I still also maintain a heavily weighted position in Genworth MI (TSX: MIC) which is still undervalued and is trading on fears of a Canadian real estate collapse, coupled with a cooling credit market. They are still slated to appreciate further, at least to my calculations. They are, in a very boring manner, generating substantial amounts of cash. I am not complacent about Canadian real estate, but currently I do not see any catalyst type events that will be resulting in mass loan defaults (at least not yet!).

Outlook

The big macroeconomic news is the US federal reserve’s inability to change course without imploding the world economy, mainly the lack of any “tapering” of their massive monetary stimulus experiment they are conducting. Merely the mention of the end of easy money is enough to turn emerging markets into tailspins and it is quite clear that the markets are headed for some sort of rupture as asset prices continue to balloon.

There seems to be a hint that the oil market is receiving some revival in their price range – this probably is a function of geopolitical risk, and also that former countries that were producing oil (Libya, for example) are now having difficulties getting supply. Most people completely underestimate the engineering prowess and large capital investments that are involved in pulling crude oil out of the ground. I don’t have a good feel for the future of oil prices, but I do know that the world’s growth in oil consumption is coming from China, and commodities in general have been a function of how much countries like China can consume them.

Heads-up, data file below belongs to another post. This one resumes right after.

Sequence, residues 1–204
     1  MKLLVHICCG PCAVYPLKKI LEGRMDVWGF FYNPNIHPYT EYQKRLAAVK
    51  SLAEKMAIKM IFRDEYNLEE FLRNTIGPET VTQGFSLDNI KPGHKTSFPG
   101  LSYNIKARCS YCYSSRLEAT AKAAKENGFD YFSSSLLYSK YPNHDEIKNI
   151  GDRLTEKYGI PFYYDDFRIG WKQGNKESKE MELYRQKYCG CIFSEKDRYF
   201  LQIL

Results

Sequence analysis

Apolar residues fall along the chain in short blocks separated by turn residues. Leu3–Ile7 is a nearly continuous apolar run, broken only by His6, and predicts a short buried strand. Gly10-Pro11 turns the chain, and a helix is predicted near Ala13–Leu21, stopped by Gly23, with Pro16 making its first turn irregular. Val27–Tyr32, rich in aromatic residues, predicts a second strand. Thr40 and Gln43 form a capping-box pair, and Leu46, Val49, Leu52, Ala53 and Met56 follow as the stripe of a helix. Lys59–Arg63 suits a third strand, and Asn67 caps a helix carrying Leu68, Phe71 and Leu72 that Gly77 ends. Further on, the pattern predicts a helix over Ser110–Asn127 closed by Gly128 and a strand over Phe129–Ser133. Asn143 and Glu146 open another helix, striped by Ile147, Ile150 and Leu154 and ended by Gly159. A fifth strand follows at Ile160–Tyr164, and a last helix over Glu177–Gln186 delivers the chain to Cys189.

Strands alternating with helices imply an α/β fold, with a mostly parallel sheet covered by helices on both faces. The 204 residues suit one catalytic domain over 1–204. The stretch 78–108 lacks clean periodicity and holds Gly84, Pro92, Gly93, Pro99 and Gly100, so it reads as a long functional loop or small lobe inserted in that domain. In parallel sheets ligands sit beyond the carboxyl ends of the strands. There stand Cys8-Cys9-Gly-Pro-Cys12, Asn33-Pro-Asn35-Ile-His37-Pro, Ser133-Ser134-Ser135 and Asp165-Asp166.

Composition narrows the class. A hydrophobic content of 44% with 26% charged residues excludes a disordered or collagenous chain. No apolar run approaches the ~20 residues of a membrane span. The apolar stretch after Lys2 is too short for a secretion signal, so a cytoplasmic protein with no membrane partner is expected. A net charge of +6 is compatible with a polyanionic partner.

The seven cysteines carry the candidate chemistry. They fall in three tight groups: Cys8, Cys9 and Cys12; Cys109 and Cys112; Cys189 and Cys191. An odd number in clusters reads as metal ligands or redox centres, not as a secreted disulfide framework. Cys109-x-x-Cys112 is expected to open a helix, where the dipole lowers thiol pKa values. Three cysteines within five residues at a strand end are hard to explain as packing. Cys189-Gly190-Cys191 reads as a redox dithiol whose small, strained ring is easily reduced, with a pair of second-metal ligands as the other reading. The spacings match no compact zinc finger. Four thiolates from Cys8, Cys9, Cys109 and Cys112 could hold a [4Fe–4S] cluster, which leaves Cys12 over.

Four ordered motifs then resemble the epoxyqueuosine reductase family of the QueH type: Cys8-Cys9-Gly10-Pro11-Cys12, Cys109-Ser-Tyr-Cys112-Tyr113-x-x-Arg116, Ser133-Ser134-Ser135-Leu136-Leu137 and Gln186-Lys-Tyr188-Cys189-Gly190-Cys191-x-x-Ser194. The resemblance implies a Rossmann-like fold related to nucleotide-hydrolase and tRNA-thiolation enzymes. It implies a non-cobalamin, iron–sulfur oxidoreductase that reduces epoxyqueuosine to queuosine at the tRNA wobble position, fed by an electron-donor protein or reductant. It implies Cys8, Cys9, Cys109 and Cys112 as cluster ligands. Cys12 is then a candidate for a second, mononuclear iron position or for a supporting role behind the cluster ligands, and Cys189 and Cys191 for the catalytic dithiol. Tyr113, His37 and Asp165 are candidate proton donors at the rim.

I continue examining natural gas pricing in North America and am starting to suspect prices are going to go higher in the future. I am slowly (and this is much slower than I wish) looking at companies that are mostly into the natural gas space, but have been disproportionately hammered in the current price environment. I believe there are more innovative ways of taking advantage of natural gas than just purchasing shares of Encana (TSX: ECA). Companies, especially low cost producers such as Peyto (TSX: PEY) have already experienced significant price appreciation, and I am just not very accustomed at buying things when they have appreciated in the marketplace.

I have noticed that most of the Canadian REIT sector (e.g. Riocan (TSX: RCI.UN), and many, many others) are trading relatively lower than their highs they were generally at earlier in this spring. Their downturn started when the tapering talk began at the US federal reserve. I still do not believe current valuations are at all compelling and still do note that they have a huge capability to raise debt capital at extremely cheap rates of interest. It is a sector, however, I keep watching with a few brain cells.

The portfolio also maintains a healthy portion of zero-yielding cash and I am well prepared for some sort of market downturn. That said, I also believe patience is the word of the day. Although the S&P 500 is at record heights, this is more of a function of very loose monetary policy (translating into very low borrowing rates for good credits) than anything else. Valuations on certain corporations (e.g. Apple) look cheap, but I inherently do not trust them.

I do not expect portfolio performance in the fourth quarter to be disproportionately better or worse than market averages. I am generally dissatisfied with what I have seen out there in the marketplaces, but I have not been looking hard enough due to other constraints. I am also more likely than not to continue increasing my cash allocation and wait for rainier days (and indeed, in southwestern British Columbia, it is quite rainy at the moment!).

Divestor Portfolio - 2013-Q3 - Historical Performance

YearPerformanceS&P 500TSX CompositeGeneral Comments
7.75 Years:+14.9%+3.9%+1.6%Compounded annual growth rate.
2006+3.0%+13.6%+14.5%Performance marked by several "wins" and several "losses" which nearly offset each other.
2007+11.7%+3.5%+7.2%One holding was acquired at a moderate premium; nothing otherwise remarkable about this year.
2008-9.2%-38.5%-35.0%Avoided market meltdown by holding significant cash; bought heavily discounted corporate debt at and around year-end.